Here is the argument transcript page, and the downloadable mp3 audio-stream, itself, from Chicago-Kent College of Law. This is nearly a month earlier than the Court’s usual website releases, itself. [Cite this stream as: The Oyez Project at IIT Chicago-Kent College of Law. 23 March 2012.]
Sadly for Mr. Howards, my personal take is that there aren’t five votes to send the case to trial on the merits. Which means there likely aren’t five votes to depose Mr. Cheney about his orders, and whether he felt threatened by Mr. Howards that day in 2006 in Pitkin County, Colorado.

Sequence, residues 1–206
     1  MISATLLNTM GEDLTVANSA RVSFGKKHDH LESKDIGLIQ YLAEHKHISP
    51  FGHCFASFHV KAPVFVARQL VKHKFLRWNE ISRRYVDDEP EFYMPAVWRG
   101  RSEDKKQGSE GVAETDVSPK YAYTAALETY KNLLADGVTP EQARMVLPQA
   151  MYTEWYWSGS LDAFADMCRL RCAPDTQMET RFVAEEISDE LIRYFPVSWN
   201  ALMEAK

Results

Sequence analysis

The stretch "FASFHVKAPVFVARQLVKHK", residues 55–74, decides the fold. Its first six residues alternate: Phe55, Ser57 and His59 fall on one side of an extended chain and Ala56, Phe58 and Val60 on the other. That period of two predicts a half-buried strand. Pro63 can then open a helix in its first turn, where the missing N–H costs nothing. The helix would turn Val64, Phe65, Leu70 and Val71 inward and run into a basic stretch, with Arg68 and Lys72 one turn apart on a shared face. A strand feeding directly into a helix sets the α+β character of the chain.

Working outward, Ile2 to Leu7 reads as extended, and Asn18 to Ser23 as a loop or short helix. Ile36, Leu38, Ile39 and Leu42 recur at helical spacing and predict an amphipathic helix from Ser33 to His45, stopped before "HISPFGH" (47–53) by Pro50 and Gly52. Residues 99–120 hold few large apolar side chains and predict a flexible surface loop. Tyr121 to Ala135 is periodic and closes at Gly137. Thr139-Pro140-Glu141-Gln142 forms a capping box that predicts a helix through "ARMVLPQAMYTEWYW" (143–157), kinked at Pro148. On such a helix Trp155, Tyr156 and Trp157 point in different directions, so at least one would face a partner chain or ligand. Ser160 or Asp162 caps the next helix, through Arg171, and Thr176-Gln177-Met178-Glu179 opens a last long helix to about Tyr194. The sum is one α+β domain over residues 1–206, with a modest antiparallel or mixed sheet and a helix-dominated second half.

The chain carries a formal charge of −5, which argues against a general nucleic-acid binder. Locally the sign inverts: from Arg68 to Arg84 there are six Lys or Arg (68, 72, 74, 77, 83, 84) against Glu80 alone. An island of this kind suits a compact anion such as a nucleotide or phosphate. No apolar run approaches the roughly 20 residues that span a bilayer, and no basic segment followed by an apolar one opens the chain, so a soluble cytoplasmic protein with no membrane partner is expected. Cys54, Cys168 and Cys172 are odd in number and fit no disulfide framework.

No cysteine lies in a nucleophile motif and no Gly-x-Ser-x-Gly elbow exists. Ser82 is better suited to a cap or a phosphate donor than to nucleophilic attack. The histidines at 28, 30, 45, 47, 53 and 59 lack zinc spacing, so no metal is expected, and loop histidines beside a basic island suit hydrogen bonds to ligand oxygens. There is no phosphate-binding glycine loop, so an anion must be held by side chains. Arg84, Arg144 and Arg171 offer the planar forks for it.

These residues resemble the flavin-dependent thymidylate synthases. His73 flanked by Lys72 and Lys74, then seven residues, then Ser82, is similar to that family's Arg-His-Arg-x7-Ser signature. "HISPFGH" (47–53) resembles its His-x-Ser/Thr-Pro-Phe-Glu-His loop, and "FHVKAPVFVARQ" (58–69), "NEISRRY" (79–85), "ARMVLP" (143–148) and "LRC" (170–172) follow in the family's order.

There are probably five votes saying we should not force Secret Service agents to make instant decisions as to whether Mr. Cheney’s orders were intended to protect the office, or punish a speaker for his point of view. I am not sure that five votes feel that probable cause allowed everything that followed — as the government’s lawyers urged.